Before giving any of these combination medicines to a child, check the package label very carefully. Some of these medicines are too strong for use in children. If you are not certain whether a specific product can be given to a child, or if you have any questions about the amount to give, check with your health care professional.
These medicines are available without a prescription. However, your doctor may have special instructions on the proper dose of these medicines for your medical condition.
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Take this medicine with food or a full glass (8 ounces) of water to lessen the chance of stomach upset.
Unless otherwise directed by your doctor:
- Do not take more of this medicine than directed on the package label. Taking too much acetaminophen may cause liver damage or lead to other medical problems because of an overdose. Also, taking too much aspirin can cause stomach problems or lead to other medical problems because of an overdose.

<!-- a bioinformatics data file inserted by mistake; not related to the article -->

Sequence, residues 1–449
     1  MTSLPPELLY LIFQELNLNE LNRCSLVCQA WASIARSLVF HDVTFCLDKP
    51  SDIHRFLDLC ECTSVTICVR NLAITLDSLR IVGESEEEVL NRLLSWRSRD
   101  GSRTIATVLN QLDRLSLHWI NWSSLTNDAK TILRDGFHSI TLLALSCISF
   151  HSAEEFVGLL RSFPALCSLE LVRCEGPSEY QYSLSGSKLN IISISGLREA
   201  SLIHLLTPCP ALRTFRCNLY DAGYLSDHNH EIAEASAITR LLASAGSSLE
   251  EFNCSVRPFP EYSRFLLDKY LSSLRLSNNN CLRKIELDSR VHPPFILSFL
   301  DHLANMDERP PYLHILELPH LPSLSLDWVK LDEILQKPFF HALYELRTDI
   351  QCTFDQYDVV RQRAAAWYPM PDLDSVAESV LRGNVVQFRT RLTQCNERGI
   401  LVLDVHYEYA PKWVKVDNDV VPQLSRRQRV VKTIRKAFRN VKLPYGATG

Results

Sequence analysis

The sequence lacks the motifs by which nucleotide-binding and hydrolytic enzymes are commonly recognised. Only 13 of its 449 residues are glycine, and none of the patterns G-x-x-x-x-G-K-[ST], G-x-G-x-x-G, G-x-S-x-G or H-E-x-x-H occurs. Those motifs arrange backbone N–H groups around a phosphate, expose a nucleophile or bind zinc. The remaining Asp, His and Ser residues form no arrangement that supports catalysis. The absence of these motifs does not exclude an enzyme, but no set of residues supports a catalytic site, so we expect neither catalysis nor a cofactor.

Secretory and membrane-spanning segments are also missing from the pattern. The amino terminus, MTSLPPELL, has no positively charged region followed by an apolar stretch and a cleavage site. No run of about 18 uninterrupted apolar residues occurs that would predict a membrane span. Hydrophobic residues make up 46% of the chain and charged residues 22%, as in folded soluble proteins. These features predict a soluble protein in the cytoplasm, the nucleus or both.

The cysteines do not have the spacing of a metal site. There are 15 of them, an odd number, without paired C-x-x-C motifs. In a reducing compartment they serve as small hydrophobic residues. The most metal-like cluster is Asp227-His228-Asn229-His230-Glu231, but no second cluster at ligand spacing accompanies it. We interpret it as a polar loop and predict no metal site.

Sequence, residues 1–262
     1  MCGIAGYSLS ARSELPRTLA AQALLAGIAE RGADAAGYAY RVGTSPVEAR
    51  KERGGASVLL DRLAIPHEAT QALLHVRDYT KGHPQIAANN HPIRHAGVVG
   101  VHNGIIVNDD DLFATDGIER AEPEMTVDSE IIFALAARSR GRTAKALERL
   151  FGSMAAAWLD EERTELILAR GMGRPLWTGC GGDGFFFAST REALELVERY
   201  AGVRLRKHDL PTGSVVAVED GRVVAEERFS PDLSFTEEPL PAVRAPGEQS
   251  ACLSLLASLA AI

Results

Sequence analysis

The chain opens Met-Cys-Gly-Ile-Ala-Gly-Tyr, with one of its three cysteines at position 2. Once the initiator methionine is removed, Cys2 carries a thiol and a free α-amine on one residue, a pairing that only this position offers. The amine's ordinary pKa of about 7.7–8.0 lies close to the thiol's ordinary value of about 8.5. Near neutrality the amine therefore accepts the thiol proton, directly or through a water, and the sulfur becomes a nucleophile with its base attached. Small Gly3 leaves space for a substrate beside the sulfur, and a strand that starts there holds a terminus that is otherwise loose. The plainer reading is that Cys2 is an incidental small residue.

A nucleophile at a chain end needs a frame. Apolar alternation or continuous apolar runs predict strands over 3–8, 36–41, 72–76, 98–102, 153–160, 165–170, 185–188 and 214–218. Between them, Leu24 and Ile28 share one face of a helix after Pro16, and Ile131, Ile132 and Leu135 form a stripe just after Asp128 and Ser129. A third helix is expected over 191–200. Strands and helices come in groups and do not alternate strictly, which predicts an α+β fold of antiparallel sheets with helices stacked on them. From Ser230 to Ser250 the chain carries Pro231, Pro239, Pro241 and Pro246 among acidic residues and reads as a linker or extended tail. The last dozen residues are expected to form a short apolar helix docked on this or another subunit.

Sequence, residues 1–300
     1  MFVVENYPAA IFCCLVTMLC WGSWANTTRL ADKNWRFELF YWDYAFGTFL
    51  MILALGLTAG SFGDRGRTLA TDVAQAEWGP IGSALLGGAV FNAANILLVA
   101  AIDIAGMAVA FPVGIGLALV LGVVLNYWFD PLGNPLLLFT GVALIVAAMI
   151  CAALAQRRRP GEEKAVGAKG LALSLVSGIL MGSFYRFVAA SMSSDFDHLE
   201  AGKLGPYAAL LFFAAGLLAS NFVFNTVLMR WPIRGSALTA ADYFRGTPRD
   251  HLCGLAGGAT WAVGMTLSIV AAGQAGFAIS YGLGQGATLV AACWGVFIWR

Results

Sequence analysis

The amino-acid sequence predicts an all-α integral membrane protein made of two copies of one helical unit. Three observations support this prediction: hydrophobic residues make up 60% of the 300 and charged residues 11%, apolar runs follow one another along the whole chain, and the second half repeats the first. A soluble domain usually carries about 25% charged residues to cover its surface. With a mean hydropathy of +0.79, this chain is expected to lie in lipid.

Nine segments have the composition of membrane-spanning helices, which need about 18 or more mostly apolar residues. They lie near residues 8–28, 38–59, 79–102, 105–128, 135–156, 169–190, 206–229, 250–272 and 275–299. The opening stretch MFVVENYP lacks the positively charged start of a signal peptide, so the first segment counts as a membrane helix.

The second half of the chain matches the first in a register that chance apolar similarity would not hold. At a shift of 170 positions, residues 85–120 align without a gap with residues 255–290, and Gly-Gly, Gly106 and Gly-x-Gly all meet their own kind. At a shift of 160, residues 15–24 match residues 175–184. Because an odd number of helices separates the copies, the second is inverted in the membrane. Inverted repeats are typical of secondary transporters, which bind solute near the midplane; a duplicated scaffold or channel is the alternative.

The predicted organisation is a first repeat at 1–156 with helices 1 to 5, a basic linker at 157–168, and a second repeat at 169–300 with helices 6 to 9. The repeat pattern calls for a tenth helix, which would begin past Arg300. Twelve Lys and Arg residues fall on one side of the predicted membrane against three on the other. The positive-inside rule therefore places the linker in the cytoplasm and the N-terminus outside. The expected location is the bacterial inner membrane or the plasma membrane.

- Children up to 12 years of age should not take this medicine more often than five times a day
- Check with your doctor before taking one of these combination medicines to treat severe or chronic inflammation or arthritis (rheumatism). These combination medicines may not relieve the severe pain, redness, swelling, or stiffness caused by these conditions unless very large amounts are taken for a long time. It is best not to take acetaminophen and salicylate combination medicines in large amounts for a long time unless you are under a doctor's care.
- If a combination medicine containing aspirin has a strong vinegar-like odor, do not use it. This odor means the medicine is breaking down. If you have any questions about this, check with your pharmacist.